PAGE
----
·        Misrepresentation of Price and Product. Lies or misrepresentations about the nature, quality or character of MacDermid’s services and products are both illegal and contrary to Company policy.

·        Commercial Bribery. Commercial bribery involves the improper use of entertainment or gifts. Here, common sense must be your guide. A small favor of little or no value, openly provided, in a normal business context (e.g., taking a potential customer to lunch) does not present problems, but giving something of more substantial value, outside the normal business context (e.g., paying for a vacation trip, goods or services) must be avoided.

            Other restrictions may apply in countries outside of the United States, and employees shall comply with such restrictions as set out in guidelines prepared for each such country by management at the local subsidiary.




            The federal government, most state governments, the European Union and many foreign governments have enacted antitrust or similar laws designed to ensure that the market for goods and services operates competitively and efficiently. Violations of the antitrust laws may not only lead to substantial civil liability in terms of fines, but may also be deemed to be criminal acts that can result in felony convictions.


            A primary focus of antitrust law is on dealings between competitors. Actual or potential competitors must not:


·        Agree to charge the same prices or to use the same pricing methods or conditions of sale;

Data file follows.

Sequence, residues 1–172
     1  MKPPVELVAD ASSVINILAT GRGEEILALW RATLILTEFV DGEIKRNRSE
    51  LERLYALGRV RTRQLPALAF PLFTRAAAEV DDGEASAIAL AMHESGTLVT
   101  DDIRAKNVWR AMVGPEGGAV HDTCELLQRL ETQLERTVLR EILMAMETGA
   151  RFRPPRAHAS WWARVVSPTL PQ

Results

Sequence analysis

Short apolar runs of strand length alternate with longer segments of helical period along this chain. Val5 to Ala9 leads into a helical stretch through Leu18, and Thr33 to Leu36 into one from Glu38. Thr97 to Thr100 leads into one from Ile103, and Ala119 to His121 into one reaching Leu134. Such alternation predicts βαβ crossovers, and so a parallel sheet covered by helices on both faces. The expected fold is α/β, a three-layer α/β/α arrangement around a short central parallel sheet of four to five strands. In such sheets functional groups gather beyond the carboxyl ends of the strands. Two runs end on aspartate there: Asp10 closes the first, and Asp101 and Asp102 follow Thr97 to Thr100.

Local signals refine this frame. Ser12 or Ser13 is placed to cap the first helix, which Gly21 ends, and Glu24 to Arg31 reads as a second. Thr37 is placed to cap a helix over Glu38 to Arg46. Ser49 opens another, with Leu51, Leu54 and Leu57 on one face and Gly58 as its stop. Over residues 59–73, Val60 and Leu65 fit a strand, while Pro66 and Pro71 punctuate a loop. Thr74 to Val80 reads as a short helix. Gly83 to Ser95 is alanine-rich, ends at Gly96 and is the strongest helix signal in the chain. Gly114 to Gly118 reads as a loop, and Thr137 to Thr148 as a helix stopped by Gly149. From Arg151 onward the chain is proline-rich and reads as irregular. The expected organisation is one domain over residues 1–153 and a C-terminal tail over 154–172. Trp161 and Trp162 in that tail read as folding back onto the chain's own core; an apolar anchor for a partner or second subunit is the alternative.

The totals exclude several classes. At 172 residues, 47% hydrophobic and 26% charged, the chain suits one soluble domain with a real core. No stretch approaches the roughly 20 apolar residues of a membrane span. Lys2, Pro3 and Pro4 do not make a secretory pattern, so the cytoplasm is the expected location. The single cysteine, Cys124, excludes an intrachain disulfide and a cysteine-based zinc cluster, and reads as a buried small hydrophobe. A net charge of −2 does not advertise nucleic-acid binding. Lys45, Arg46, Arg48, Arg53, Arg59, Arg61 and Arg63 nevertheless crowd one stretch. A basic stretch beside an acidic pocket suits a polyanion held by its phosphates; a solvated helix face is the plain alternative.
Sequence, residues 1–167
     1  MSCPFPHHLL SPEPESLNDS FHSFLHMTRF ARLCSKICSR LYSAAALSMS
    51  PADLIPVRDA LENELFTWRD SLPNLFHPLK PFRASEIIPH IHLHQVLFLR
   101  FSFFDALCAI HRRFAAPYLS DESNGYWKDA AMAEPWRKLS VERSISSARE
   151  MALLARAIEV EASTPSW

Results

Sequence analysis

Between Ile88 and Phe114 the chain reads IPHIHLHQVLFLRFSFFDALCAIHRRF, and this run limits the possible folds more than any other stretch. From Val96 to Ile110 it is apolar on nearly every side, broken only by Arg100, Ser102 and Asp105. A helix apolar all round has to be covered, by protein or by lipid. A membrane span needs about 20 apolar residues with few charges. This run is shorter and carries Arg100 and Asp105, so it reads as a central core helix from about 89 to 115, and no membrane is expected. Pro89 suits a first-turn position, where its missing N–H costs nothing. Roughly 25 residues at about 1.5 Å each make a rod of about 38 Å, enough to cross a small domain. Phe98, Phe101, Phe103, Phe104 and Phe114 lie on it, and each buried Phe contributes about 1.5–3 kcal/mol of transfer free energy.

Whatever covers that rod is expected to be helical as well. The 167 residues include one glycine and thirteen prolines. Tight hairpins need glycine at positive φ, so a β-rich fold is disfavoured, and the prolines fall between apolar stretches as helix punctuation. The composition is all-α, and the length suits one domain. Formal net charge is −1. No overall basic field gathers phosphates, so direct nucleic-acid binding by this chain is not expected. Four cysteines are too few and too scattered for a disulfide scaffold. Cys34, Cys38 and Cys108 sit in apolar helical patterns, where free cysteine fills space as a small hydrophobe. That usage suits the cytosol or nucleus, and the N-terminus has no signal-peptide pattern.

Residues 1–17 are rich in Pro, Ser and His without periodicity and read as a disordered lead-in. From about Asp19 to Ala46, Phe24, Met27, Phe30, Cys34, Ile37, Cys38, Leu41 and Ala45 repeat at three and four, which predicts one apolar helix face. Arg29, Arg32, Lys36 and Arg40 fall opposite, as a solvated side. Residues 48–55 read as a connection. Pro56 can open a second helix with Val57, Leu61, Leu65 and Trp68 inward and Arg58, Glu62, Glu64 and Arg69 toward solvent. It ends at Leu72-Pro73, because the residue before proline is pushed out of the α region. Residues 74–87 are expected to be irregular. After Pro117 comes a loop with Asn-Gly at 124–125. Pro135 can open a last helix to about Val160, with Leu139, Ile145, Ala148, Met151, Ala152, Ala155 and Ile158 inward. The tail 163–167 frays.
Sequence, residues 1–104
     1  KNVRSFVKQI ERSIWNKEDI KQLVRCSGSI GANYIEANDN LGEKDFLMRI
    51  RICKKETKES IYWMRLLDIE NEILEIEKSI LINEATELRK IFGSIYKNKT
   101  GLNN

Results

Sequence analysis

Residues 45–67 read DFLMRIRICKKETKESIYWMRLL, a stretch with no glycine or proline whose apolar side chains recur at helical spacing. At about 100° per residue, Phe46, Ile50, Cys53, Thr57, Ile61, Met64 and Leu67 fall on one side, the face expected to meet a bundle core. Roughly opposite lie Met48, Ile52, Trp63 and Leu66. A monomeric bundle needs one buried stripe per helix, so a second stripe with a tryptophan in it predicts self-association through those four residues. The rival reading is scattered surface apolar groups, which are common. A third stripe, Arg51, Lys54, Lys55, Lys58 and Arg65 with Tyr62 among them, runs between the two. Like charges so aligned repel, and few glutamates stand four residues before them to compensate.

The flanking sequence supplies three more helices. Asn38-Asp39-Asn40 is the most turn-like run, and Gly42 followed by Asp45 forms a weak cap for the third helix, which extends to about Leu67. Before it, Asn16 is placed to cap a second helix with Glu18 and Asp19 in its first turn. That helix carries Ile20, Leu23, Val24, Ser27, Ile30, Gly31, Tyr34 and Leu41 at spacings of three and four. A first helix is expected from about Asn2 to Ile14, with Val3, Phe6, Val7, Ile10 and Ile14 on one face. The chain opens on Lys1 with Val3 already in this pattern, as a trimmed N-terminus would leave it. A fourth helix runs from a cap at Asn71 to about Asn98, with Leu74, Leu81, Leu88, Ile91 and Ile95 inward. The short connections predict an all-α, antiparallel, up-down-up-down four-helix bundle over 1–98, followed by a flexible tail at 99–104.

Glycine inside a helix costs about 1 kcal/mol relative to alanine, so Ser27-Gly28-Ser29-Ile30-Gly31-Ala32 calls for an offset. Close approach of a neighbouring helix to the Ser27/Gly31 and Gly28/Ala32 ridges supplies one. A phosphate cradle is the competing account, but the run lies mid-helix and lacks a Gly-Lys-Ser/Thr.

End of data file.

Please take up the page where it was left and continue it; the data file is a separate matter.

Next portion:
·        Agree to allocate product markets, territories or customers or to refrain from soliciting business from each other’s customers;

·        Agree to boycott or refuse to do business with other competitors or certain customers or suppliers or any other third party; or

·        Agree to refrain from the sale or marketing of, or to limit the supply of, particular products.

            An agreement in this context need not be in writing. Oral exchanges such as discussions at trade association meetings can be viewed as an agreement. For this reason, you should always be careful in both formal and informal dealings with competitors. Avoid any discussions with competitors about market shares, customers, projected sales for any specific product or service, revenues and expenses, unannounced products and services, pricing or pricing strategies, marketing, salaries, wages and benefits and, of course, any proprietary MacDermid information.


            Note that associations, joint ventures or mergers with actual or potential competitors pose special problems that need to be analyzed with particular care and must be approved in advance by the legal department.


            Another focus of antitrust law is on how a company deals with customers, contractors, vendors and other third parties. The following practices could raise issues, and you should always consult with the Compliance Committee or the legal department before getting involved further: